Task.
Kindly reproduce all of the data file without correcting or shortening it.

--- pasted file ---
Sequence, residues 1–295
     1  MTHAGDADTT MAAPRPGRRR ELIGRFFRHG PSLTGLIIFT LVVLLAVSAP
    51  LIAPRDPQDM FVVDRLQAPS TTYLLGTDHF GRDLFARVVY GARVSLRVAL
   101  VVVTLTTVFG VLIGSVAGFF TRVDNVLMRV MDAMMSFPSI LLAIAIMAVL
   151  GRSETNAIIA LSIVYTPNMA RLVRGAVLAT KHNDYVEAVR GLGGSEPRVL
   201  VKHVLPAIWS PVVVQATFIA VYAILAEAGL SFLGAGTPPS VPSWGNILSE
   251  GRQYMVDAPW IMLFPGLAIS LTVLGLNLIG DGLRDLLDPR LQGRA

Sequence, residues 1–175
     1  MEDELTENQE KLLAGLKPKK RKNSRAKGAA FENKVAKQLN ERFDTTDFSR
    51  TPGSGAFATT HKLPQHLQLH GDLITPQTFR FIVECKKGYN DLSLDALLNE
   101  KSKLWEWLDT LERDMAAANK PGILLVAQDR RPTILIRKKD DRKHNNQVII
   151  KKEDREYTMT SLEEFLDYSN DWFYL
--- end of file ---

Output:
Sequence, residues 1–295
     1  MTHAGDADTT MAAPRPGRRR ELIGRFFRHG PSLTGLIIFT LVVLLAVSAP
    51  LIAPRDPQDM FVVDRLQAPS TTYLLGTDHF GRDLFARVVY GARVSLRVAL
   101  VVVTLTTVFG VLIGSVAGFF TRVDNVLMRV MDAMMSFPSI LLAIAIMAVL
   151  GRSETNAIIA LSIVYTPNMA RLVRGAVLAT KHNDYVEAVR GLGGSEPRVL
   201  VKHVLPAIWS PVVVQATFIA VYAILAEAGL SFLGAGTPPS VPSWGNILSE
   251  GRQYMVDAPW IMLFPGLAIS LTVLGLNLIG DGLRDLLDPR LQGRA

Sequence, residues 1–175
     1  MEDELTENQE KLLAGLKPKK RKNSRAKGAA FENKVAKQLN ERFDTTDFSR
    51  TPGSGAFATT HKLPQHLQLH GDLITPQTFR FIVECKKGYN DLSLDALLNE
   101  KSKLWEWLDT LERDMAAANK PGILLVAQDR RPTILIRKKD DRKHNNQVII
   151  KKEDREYTMT SLEEFLDYSN DWFYL